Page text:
Newspaper Page Text
VOL. XII.-NO. 50.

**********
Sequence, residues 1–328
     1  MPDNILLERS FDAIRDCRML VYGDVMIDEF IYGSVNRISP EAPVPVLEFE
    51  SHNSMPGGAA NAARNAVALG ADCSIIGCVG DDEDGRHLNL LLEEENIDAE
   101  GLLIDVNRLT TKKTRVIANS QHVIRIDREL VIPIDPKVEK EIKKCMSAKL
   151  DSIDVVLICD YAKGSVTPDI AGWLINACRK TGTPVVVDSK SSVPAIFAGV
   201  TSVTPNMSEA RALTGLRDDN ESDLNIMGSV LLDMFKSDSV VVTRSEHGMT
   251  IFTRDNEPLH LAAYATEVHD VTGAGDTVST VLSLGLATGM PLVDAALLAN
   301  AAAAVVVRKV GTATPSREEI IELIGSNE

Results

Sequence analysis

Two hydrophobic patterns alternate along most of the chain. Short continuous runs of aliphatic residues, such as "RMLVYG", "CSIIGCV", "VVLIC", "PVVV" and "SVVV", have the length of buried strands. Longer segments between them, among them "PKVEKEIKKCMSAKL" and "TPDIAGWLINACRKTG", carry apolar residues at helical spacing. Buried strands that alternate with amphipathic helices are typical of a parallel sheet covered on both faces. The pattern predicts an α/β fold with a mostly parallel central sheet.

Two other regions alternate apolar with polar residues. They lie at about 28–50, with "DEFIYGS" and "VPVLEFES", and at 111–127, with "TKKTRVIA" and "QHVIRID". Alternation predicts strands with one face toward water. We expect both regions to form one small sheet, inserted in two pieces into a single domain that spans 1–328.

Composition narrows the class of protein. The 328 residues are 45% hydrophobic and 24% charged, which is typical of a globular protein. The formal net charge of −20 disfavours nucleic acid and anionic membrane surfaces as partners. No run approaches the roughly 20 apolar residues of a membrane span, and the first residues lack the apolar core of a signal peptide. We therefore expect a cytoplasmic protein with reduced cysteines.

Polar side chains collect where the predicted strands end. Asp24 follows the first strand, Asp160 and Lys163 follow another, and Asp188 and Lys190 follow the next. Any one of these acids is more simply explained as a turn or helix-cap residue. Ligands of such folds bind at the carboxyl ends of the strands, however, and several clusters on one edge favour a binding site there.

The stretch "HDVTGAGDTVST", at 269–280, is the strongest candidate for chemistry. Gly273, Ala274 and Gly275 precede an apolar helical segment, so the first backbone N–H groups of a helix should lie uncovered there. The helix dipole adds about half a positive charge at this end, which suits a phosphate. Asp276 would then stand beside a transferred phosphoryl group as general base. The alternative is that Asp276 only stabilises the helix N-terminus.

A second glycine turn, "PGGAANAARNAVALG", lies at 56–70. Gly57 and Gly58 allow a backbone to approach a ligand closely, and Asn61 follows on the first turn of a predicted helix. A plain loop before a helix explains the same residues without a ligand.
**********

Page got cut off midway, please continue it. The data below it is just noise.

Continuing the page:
Why not let us fill jour orders ? Especially for Prescriptions and Drug Wants. Our stock is in ohargo of competent men day and night, registered and re? cognized by the State as oompetent to compound prescriptions and dispense drugs. S"Wo guarantee satisfaction. MASSIE & MARTINS, PHONE 103. Prompt Delivery. i PROCLAMATION! Says Grover Cleveland to Baby Ruth: "Tell your mother that MANGUS & PAYNTKR. have opened a first-class Boot and Shoe Store, at 208 Commerce Street, Boanoke, Va. They sell for cash but give you the worth of your money. That is what we have been looking for. They oarry a line adapted to every ptatfon of life. Go and Bee them and compare prices, as times are hard and we must economize." We have all NEW GOODS. Hangus & Paynter, 208 Commerce St. s. w. Next Door to Heironlmus & Brugh. That Pencil Racket WORKED WELL. OVER FOUR HUNDRED GIVEN AWAY. Those of you who failed to got a pen? cil bring this ad. to us, which will pay you ovon better as our Special Prices This Week and Monday next paves you the price of SEVERAL DOZEN PENCILS. Our ad. on fourth page glvos you book prices. Come and see our lino of Pine Papers, Engraved Visiting Card Samples and Monogram Paper. You know our papers are sold by tho pound which gives you two quires where you pay for only one. k Watch for Our Christmas An _nouncement._ D. H. MATHON. ROANOKB SANITARY PLUMBING COMPANY. Practical plumbers and gas-fitters. Dealer? In All kinds of plumbers' and gas fitters' rnppllefl. Kstlmates made on the 1 unproved and sanitary styles of plumbing. All work guaranteed. No. lO Soutb Jef? ferson street, Roanoke.Va. 13 Sly. HAVE YOU SEEN OUR WINDOW DISPLAY? Wo are exhibiting now numberlosB novelties in STERLING SILVER, such as Beits and Buckles, Cases for Matches, Cigars, Cigarettes, Stamps, etc. Manicure Sets, Brashes and Combs of all Sorts and Sizes, Tea Balls, and any number of new and pretty ar? ticles, just the very latest fads. Wo also have a large line of finest CUT GLASS AND MORE COMING. Other articles on which we are mak? ing a drive are imported Coffee Cups and Saucers in Dresden andHaviland China. Call in and look things over even if you don't want to buy. EDWARD S. GREEN, Manufacturing Jeweller and Optician. Successor to H. Silverthorn. Eyes Examined Free. Bobbie Music Co , Wholesale ?otall dealers in PIANOS AND ORGANS. Largest Store. Best Instruments. Factory Prices. Easy Payments. CATALOGUE FREE. All Instruments Warranted 5 Years, WAREROOMS: i3Q Salem Avenue 7^ ROAN j CHARGES AGAINST THE RIOTERS - J Witnesses Made Serious Alle? gations Against Accused. Important Evidence Asatnst Klobartlsou, Ferry and Davis?Witnesses Intro? duced by tho Defense Try In? to Show That Me Was Trying to Pacify the the Mob?D. D. Kennedy Examined In Ills Own Behalf?Lawyer A. D. Pugh Leavei the k Defense to Captain Berkeley. The Hustings Court opened at 9:30 o'clock yesterday morning and Juror B. A. Houl having recovered from the at? tack of siokness the trial of Jamos O. Richardson, A. Perry, D. D. Kennedy, S. W. Fuqua, Walter Davis and Brown MyerB, under indictment for rioting Soptember 20, was resumed. The first witness introduced was ex-Chief of Police M. C. Morris, who said he saw Fuqua, one of the accused, throw a stone at the jail door. Ho saw him again be? tween 12 and 1 o'clock. He heard Blchardson say that he would rather havo Mayor Trout than the negro. Officer Merriman was the next wltnesB and he testified that he saw Walter Davis, J. G. Blchardson and Abe Perry, who were standing by tho jail door on the right In question. He heard Richard? son say that the people were a set of cowards and wouldn't pay any attention to anything he would say. Policeman L. Johnson next testified as follows: "I was standing at thd jail door on tho west side; I saw stones thrown at the jail door; the attack was made in the neighborhood of 8 o'olock. The stones came ffom back of tbe crowd. I saw Walter Davis, D. D. Kennedy and Abe Perry, they were not throwing any stones, but wero hallooing about getting tho negro; I don't remem? ber seeing these three parties after tho shooting. I saw Blchardson afterward talking to the crowd; he said if they would follow him ho would get tho nogro. Richardson was making a speech on the sidowalk In front of Hotel Ponce de Leon. Eight or ton persons were standing around him." Station House Keeper J. H. Williams was placad on the stand, and Btatid that ho saw Walter Davis and Abo Perry thero that night. He didn't see Davis until after the shouting, when he came into the Btation house in company with four or five others, and asked for the prisoner. - Police Sergeant A. H. Griffin stated that he saw the attaok on tho jail about 8 o'clock the night In question. He saw Walter Davis throw a brick against the window which was the first one thrown. The witness caught Davis and tried to put him in through the window when the crowd took Davis away from him. After the shooting was over he saw D. D. Kennedy near the jail. Witness picked him up from the ground about four feet from tho west door of the jail. As one of tho grand jurors was slok tbe grand jury was then dismissed until this morning. E B. Woodward, who was on the stand Saturday, was recalled, and stated that on tho evening of September 20 be saw a voting man named Bishop, supposed to be the son of the injured woman, and heard him make somo in? cendiary remarks. A. J. Schanoks: "I saw Walter Davis in his shirt sleeves in the crowd saving, 'Come on, come on.' I saw Blchardson in tho crowd on Campbell street near the jail. I saw him on the steps of the courthouse making a speech to the effect that if the mayor wouldn't tell where the negro was they would go to the Ponco de Leon, get Mayor Trout and hang him. Mr. Blckardson was pretty well 'In his cups.' I saw Blch? ardson again on September 25 and heard him say that he bad no regrets, and by-he had no favors to ask for what be did on the night of the riot." J. C. Bawn testified: "At the time of tho firing I was in front of Nelson <& Myers. I saw two men immediately after the firing whom I afterwards found out were Mr. Blchardson and Mr. Ken? nedy. Mr. Richardson's idea seemed to be to get Mr. Trout and he was asking the people to get the mayor. Kennedy was one of the men who proposed to pull down Mr. Watts when he was mak? ing a pacifying speech. He was very positive that Kennedy was the man. The' witness was not sure of the exact words used by Kennedy but they were of the nature of lnoltlng a riot." J. H. Walthall's testimony was to the effect that he saw James G. Richardson later in the night and Blchardson was saying that they must find Mr. Trout and foroe him to tell whore the negro was. Just then some one came up and said Mr. Trout was at the Ponce de Leon hotel and Richardson and some others went to the hotel to see If he was there. Still later in the night heard Blchardson' say that he wanted 100 men to give him their names and they would go to the depot to keep the negro from being taken away on the train. J. Ii. Curlln: "Saw Abe Perry in the crowd that night. First saw J. G. Blchardson In front of the courthouse after the firing. He was asking the men not to run.." W. P. Moomaw stated that he heard Mr. Blchardson objeot to the militia being called out. Blchardson, he said, was a wild talking man when drunk, but was entirely harmless. Police Officer W. J. Bigney saw Walter Davis in the crowd. Also saw Mr. Blchardson. He was talking In a loud and boisterous manner. Mr. Richardson, he said, is very boisterous when drinking. The next witness introduced was C. E. Watson, who testified that he saw Jamos G. Blchardson soon after the firing at Nelson & Myers store. Richard? son, with sovoral others he didn't know broke open Nelson & Myers store and said they would got guns and what they wanted. The crowd was very boisterous. Ritbardaon was tho loader and was the first one to tako bold of tho door. OKE, VA., TUESDAY Richardson ran against the door several times with his shoulders and the door flew open. Police Sergeant R. H. Gold stated: "I saw Walter Davis urging the crowd to come on to make an attaok on the jail. I also saw him throw a rock agalnBt the door." Police Justice W. II. Turner testified that the only one of the defendants he saw at the attaok that he recognized was Abe Perry, who seemed to be in? citing the mob. Bo also saw a young man in bis shirt sleeves that was said tobe Walter Davis, but be didn't know him. George H Leigh stated that he first saw Mr. Richardson when the people came to the hotel to look for Mayor Trout. "I took Mr. Richardson and another man," ho said, "through a part of the hotel to look for Mr. Trout. I only showed them through four rooms, and assured them that Mr. Trout was not in the hotel, and they went ?ut." W. D. Mahonoy stated that he saw Walter Davis after the shooting. Davis seemed to be excited. He saw D. D. Kennedy making a Bpoeoh but did not hear what be said. He saw Abe Perry on the west side of the jail. He was under the influence of liquor. I saw James G. Richardson who said he was hunting for some one at Hotel Roa noke. Col. S. S Brooke saw Mr. Richard Bon in the clerk's office soon after the firing. There wore more than three per? sons together. They were looking for the negro. Did not bear Richardson say anything. A party tried to get into the vault. I opened the vault and Richard? son went into it. Charles G. Smith, proprietor of the Ponce de Leon Hotel, said: "I saw Richardson and Fuqua at the hotel after the shooting. They were there three times. The first time Fuqua led the mob. The second time there were about 200 people in the mob. I only knew Mr. Richardson. He said: 'Charlie, 1 want Mr. Trout; thereshall not be a hair of bis head harmed.' Richardson and one or two others went upstairs and came back and reported that Mr. Trout was not there. Some of the crowd were boisterous and said, 'Take Smith It ho don't bring out Trout.' I had advised Mr. Trout to leave the hotel after the first visit from the mob." AKTKRNOON BBSSION. The first witness introduced after tho dinner hour was City Engineer W. W. Dunlap, who described tho deed to the plot of land, on which is built the court? house and jail, and that tho jail was the property of the city. Luoian H. Cooko was examined and corroborated the statements of Engi? neer Dunlap. In reply to questions by Captain Berkeley he said he understood Mr. Richardson was a drinking man and a loud talker when drinking. Tho next witness was Polioe Officer W. C. Aiken, who testified that he saw Walter Davis, who seemed to be incit? ing a riot. He also saw D. D. Kennedy and A. Perry, who didn't seem to be doing anything particular. He did not see any of the other of the accused. The next witness was M. T. C. Jordan, who said he heard Fuqua express his opinion next day very treoly in regard to the militia and authorities in general. This testimony was objected to by Ed? ward Lyle. John J. Sbeehan was introduced by the counsel of D. D. Kennedy. He Bald he had known the prisoner about three years. He mounted the grind stones after Mr. Watts and Judge Woods had spoken and said tho prisoner had been removed from tho jail and the best way to find him was to dlaperae in squads and look for him. - Acord was next introducod in behalf of Kennedy. He saw Kennedy on the night in question, but did not hear him make any statement. D. D. Kennedy was then examined in his own behalf and Btated that he was around the jail as a spectator; that he was shot in the forehead, the effect of which dazed him for a while and knocked him down. When he went on Commerce street he heard mention made of dynamite, and fearing the jail would bo blown up, thought the best thing he could do was to state to the crowd that the prisoner had been removed. He thought the prisoner was in safekeeping and it would help disperse the mob to tell them he was gone. The witness stated that his intentions all through the night were in favor of law and order. He wanted the negro to have a fair trial. After an unsuccessful attemp to find J. C. Davenport, a witness for the pros? ecution, the commonwealth rested tho case. Thirteen witnesses for the defense were called and consulted with by the counsel for the accused. The first wit? ness for the defense was Andrew John? son, who saw Mr. Richardson at Nelson & Myers. He saw Mr. Nelson come from the rear end of the store, unlock the door and ask the crowd what they wanted. They asked for guns but when Mr. Nelson told them he had no guns, and asked them to leave, Richardson said: "Boys, we can't get any guns hero let's leave." -Acord saw Mr. Richardson on Commerce street immediately after the firing had ceased. The report was started that Mr. Nelson had offered to furnish guns to all who wanted them, and Mr. Richardson said, "We don't want any guns. For God's sake, if you have any influence help me keep this crowd back." The last witness introduced yesterday was D. W. Espenlaub, who met Mr. Richardson in the Ponce do Leon Hotel. As Richardson was coming up the steps he said: "There shan't be a hair hurt on that man's head (meaning Mr. I Trout), but all we want to know is where that negro is." A. B. Pugh here announced that he would have to leave the case owing to circumstances over which he had no control. He had perfect confidence in Mr. Richardson winning tho case and would leave it with Captain Berkeley. Court then adjourned until 10 o'clock to? day._ THE WKATUEK, Forecast for Virgin in: Slightly warmer, fair weather Tuesday followed by rain ? Tnesday.nlKht or Wednesday morning. ?II ?????_ MORNING, NOVEMBE BLOUNT'S REPORT MADE PUBLIC. Serious Allegations Against the Course Pursued by Stevens. He Believes That a Great Injustice was Done to the Queen?His Report of the Hauling Down of the American Flag. No Doubt But What the Previous Administration Expected and Worked for Annexation?Blount's Interview With Admiral Skerrett. Washington, Nov. 20.?Secretary Gresham to day made public all tbe correspondence between tbe Secretary of State and James H. Mount, commis? sioner paramount and later minister to the Hawaiian Islands. Mr. Gresbam, in giving this voluminous printed mat? ter to the press, explained that it in eluded everything connected with Blount's mission to Hawaii, with the exception of some statistical tables relating to the stands. The matter consists of three parts, the first beginning with a copy of the Instructions given Mount on March 11, 1893, prior to his departure from Wash? ington for Honolulu, and the last part ending with a briof letter of July 31, 1893, In which he concludes as follows: "Tbe condition of parties in the is? lands is ono of quiescence. The action of the United States Is awaited by all as a matter of necessity. The oondition, it can be assumed, will remain until the proposition to annex Is accepted or re? jected. In the latter contingency no sudden movement is likely to occur. Tho present government oan only rest on the use of military force, possessed of most of tbe arms in the islands, with a small white population to draw from to strengthen it. Ultimately it will fall without fail. It may preserve its existence for a year or two, but not longer." Then he adi3 that he has done his duty as well as ho could "considering I was surrounded by persons interested in misleading me," and his private affairs necessitated his return home. Secretary Grosham's letter of instruc? tions to Mount,dated March 11th, define clearly how far in the opinion of tho President the use of armed force is per? missible by the United States to pull down or sot up govornmens. Gresham says: "In the opinion of the President your authority, as well as that of commander of naval forces in Hawaiian waters, should be and is limited In tbe use of physical force to such measures as are necessary to pro? tect the persons and property of our citizens; and while abstaining from any manner of interference with tho domes? tic concerns of tho islands, you should indloate your willingness to intervene with your friendly office in the interest of peaceable settlement of troubles with tbe limits of sound consideration. "Should It be necessary to land an armed force upon Hawaiian territory on the occasion of popular disturbance when the local authority may be unable to Hive adequate protection to the lifo and property of the citizens of the United States the assent of such author? ity should be first obtained, if it can be done, without prejudice to the in? terests involved. "Your power in this regard should not, however, be claimed to the exclu? sion of similar powers by the represen? tatives of other powers for tbe protection of tbe lives and property of the citizens or subjects residing in tbe Islands. "While the United States claim no right to interfere in the political or domestic affairs or in the international oonfllcts of the Hawaiian Islands other? wise than as herein stated or for the purpose of malntaing any treaty or other right which they possess." In a letter, dated April 6, Blount an? nounces his arrival at Honolulu, and tells of bis refusal, against the strong urging of Minister Stevons, to accept a house and tho use of servants, car? riages, horses, etc , furnished by the provisional government, paying "what? ever I wanted for it, from nothing up." He also notes the refusal of tenders from tho ox-quoen and others. Appended to a letter of April 18. In which Mount deplores the perverted In? fluence of Minister Stevons and Consul General Severance, to which heasoribes the existence of the provisional govern? ment, is a stenographic report of an in? terview between Blount and Admiral Skerrett, In whloh the following occurs: Admiral Skerrett?I oalled at the Navy Department on the 30th of Decem? ber to see Mr. Tracy, tho Secretary of the Navy, to ask him if he had any final instructions for me, as I was going to leave the next day for San Francisco to assume command of tho Pacific squad roon. He replied: "Commodore. I have no Instructions to give you. You will go there and perform your duty, as I know you will, and everything will be satisfactory." I remarked: "Mr. Traney, I want to ask you about these Hawaiian affairs. When I was out there twenty years ago I had frequent conversations with the United States minister, Mr. Pierce, on tbe subject of the islands. I was told that the United States Government did not wish to annex the islands of Hawaii." Ho replied: "Commodora, the wishes of the Government have oh an god. Tbey will be very glad to annex Hawaii." lie said as a matter of course none but tho ordinary legal means can be used to persuade these people to come into tho United States. On April 21 Mount, for the second time, disapproved of a request of the provisional government that a force be landed for drill. Blount says ho called on tbo ox queen, and In for mod her that no person was authorized by President Clevoland nor himself to place the government cf the Unitod States in the attltudo of I desiring an adjustment between herself and tho provisional government, and the queen replied that she did not in R 21, 1893. PR] THOSE ?13 GIVEN AWAY. The plan for saving 913 in the purchase of the necessities of life la meeting with a hearty reception by the people of this city, who know a good thing when they see It. I It Isn't often that a paper 1. able to make auch a liberal oflTer, and people are not slow In appreciating the fnll benefit of It. Hut It must he understood that The Times Is run nlug no coupon arrangement.. The tickets printed In another column are only fnc-stiulle of those which are pre? sented to every subscriber when six dol? lars Is paid in advance for a vear's sub? scription to The Times. The advertise? ment Is only to show you the idea of the whole plan. Tickets which will Insure you the discount stated on each can he ob? tained through agents of The Times, or at the publication office, No. 122 Camp? bell avenue southwest. tend to onter into an; negotiations until tbe Washington Government had taken action on Blount's report. On May 4 Blount wrote: "At this time the indications aro unmistakable that a large majority of the people of the islands are utterly opposed to annexa? tion. I do not look for any obange from the situation through future informa? tion." In the third part of the correspond? ence is printed a statement of Minister Volney Ashford dated March 8, 1893, in which he says he has put in writing cer? tain information in regard to Hawaiian affaire at Blount's request. In this state? ment Queen Llluiokalani la spoken of as a woman notoriously loaded with the grossest social vioos but which state? ments are discredited by Blount. Blount's conclusions of facts are em? bodied in his report to Secretary Qres ham dated, July 17. It is a very long document, filling thlrty-soven large printed pages and indicates very clearly that he understood that he was to con? fine himself to a plain statement of facts, for nowhere he makes the slight? est suggestion or recommendation. The incident which created such a stir, that of hauling down the American flag, Blount describes as follows: "My Instructions directed me to make inquiries which, in the interest of can? dor aud truth, could not bo done when the minds of thousands of Hawaiian citizens were full of uncertainty as to the presence of American troop9, the American flag and tho American min? ister, it was necessary that all those influences must be withdrawn before these inquiries could be prosecuted in a manner befitting the dignity and power of the United States. "Inspired with such feelings and confident no disorder would ensue, I directed tho removal of the flag of the United States from the governnent bulldlag and tbe return of tho Ameri? can troops to their vosboI. This was accomplished without any demonstra? tion of joy or grief on the part of the populace. "Tho aftornoon before, in an inter? view with President Dole in response to my Inquiry, he said that tbe pro? visional government was now able to preserve order, although it could not have done so for several wteks after the proclamation establishing it." The report reviews in detail the sub- , sequent events, making much of the testimony tending to show that Minister Stevens recognized tho provisional "be? fore tho queen had been called upon to yield and quoting Minister Stevens him? self as saying that he knew the bar? racks and station house had not beon delivered up at the time; that he did not caro for that, for twenty-five men well-armed could have run the whole crowd. Steven's despatch to Secretary Foster is quoted where ho says he recognized the government after it was in posses? sion of all the government buildings and Blount said: "The qulok recognition was tho performance ot his pledge to the committee of safety." He criticises a statement made by the Hawaiian com? missioners to Foster and says: "Did the spirit of annexation mislead these gentlemen. If not what malign influ? ence tempted President Dole to a con? trary statement in his cited letter to the American minister?'1 Said Mr. Blount: "Tho loaders of tho revolutionary movement would not have undertaken It but for Stevens' promise to protect them against any danger from the government. But for this tbelr mass mooting would not have been held. Had tho troops not been landed no measure for the organization of a new government would have been takon. The American minister and the revolutionary leaders had doter mined on annexation to tho United States and had agreed on the part each was to act to the voryond." in concluding this report for tbe remaindor Is made up entirely of sta? tistical matter and a disquisition on the trade of this land and tue character of the population Blount sajs: "That a deep wrong has been done tho queen and tbe native race by Amerl cal oSlcials pervades the native n.inds and that the queen has a hope tor re? dress from tho United States there can be no doubt. . In this connection It is important to note the inability of tho Hawaiian people to oope with any great powers and the recogni? tion of It by resistance to their en? croachments. The suddenness of the landing of the United States troops, the reading of the proclamation of the provisional govern? ment almost in their presence and the quick recognition by Stevens easily prepared her for the suggestion that tho President of the United States had no knowledge of these occurrences and must know of them and approve or dis? approve of what have occurred at a fu? ture time. Her information and the prevailing sentiment among the nativos point to her bolief, as woll an their's, that tho spirit of justice on tbe part of the Presi? dent would restore hor crown. One Death and One New Case. Brunswick, Ga., Nov. 20.?Only one case of yellow fever was reported to? day, Miss Hattio Mock, white. There was one death, ft. Sonlatter, white. Eight patients wore discharged, three of them being whites. CE THREE CENTS COUNCIL S ADJOURNED MEETING Matters of Importance Before the City Fathers Last Night. Matter of Sweeping the Streets Roferred to the Street Committee to Investigate. Report of the Health Committee?Con? tractor Fortune and the Sewer Com mlttee Ilelng Considered. An adjourned meeting of Uity Counoil was presided over last night by Presi? dent It. A. Buokner. Tho following members were preient: Boehm, Olingen? peel, Crabill, Davies, Dickerson, Duggan, Dupuy, Faokontball, Graves, Groves, Rough, Johnson, Moomaw, Pattie, Ramsey, Stevenson, Striokland and Terry. Under the head of new business a petition for a new street sweeper was read. The board of publio works was ordered to purchase one out of the funds appropriated for street cleaning. On motion of Mr. Hough the matter of sweeping the streets by the city was referred to the street committee with instructions to investigate and report. The finance and street committees jointly submitted a report whloh con? tained a resolution that the olty audi? tor should not Issue any more warrants until further ordered by Council. The objeot of this resolution la that money may accumulate In tho treasury to pay the interest on the olty bonds due Janu? ary 1, 1804 Mr. Graves moved to amend that the treasurer be ordered not to pay any war? rant issued bv the auditor from this date until further directed by Council. Mr. Boehm moved as a substitute to the amendment that the matter be referred to the city solicitor. The motion to refer the matter to the city solicitor was lost by a vote of 15 to 4. The vote was then taken on the amendment of Mr. Groves with the following result: Ayes, 7; noes. 11, not voting Mr. Groves. The vote on tho original resolution offered by tbe financial committee was: Ayes, 4; noes, 14, and the resolution was de? clared lost. The committee recommended that the salary of J. f. Terry from Septem? ber 20 until October 23 bo not paid, but bo loft open until the charges against him be decided. The recommendation was adopted. The chairman, Dr. J. T. Strickland, offered tho report of tbe health com? mittee. Tho committee did not believe there was any serious danger of small? pox In Roanoke. While It heartily approved of the plan of the health com? mittee in regard to the plans for vac? cination, it did not think it was neces? sary to have it done now, and recom? mended that it be not done. The report was adopted. Mr. Fackenthall, chairman of tho committoo on sewers, stated that tho commlttoe had been considering the difference of opinion between Contractor W. W. Fortune and tho city engineer about tho construction of section 10 and asked permission to examine the sewer in several places and ascertain which Is corroct. it Is the opinion of tho city engineer that thoexcavation is the same width as the conorote, while Mr. For? tune claims that it Is one foot wider. The committee was empowered to make the examination. The public property committee re? ported that it had examined tbe bids spoken of at last mooting and recom? mended that no purchase be made. The report with the rocommendation was adopted. Council thon adjourned until next Monday night. No Smallpox at Radford. Radfokd, Nov. 20.?All reports to the ofTeot that there is smallpox in Rad? ford are untrue. Hugh C. Pukston, Mayor. Notice. Owing to tho death of my superinten? dent, J. P. Melhorn, I have decided to close up tho business of tbo Roanoke Sanitary Plumbing Company. Partie? indebted to said firm are hereby re? quested to make settlement of their accounts with J. B. Walker or myself on or before December 1, 1893. Accounts remaining unpaid on that date will be plaoed in hands of attorney for collec? tion unlosH otherwise arranged with me. All bills due by Roanoke Sanitary Plumbing Company will be paid by mo. D. H. Matson. UAKN AND 1-1 MULES BURNED. It Was the Property of the Atgoma Coal and Coke Company. Ai.goma, Nov. 20.?Ono of the barns belonging to tho Algoma Coal and Coke Company, at this place, of which L C. Hansbrougb, of Salem, is president, was burned to tbe ground last night and with It fourteen mules, which wort) in it. Secretary Carlisle Goes to New York. Washington, Nov. 20.?Seoretary Carlisle left here on the Congressional limited at 4 o'clock this afternoon for New York. He will deliver the principal addresB at the banquet of tbe New York chamber of commerce on Tuesday night. He will devote Tuesday to official busi? ness witb treasurer of the treasury at Now York. * Notice. Parties indebted to tho Roanoke Sanitary Plumbing Company are hereby Ioautlonod to not pay any money on their accounts to anyone except J. B. Walker and myself. J. V. Towler is no longor authorized to make collections for tho above named company or for me; nor Is he authorized to contraot any debts In my name or that of tho Roanoko Sanltary'Plumbing Company. D. H. Mason. Train Snowed In Near London. London, Nov. 20.?The 4:45 express train from London for Cambrldgo was snowed In yesterday morning near Roy ston. Ono hundred men worked a'l day long in dlpglng out the train.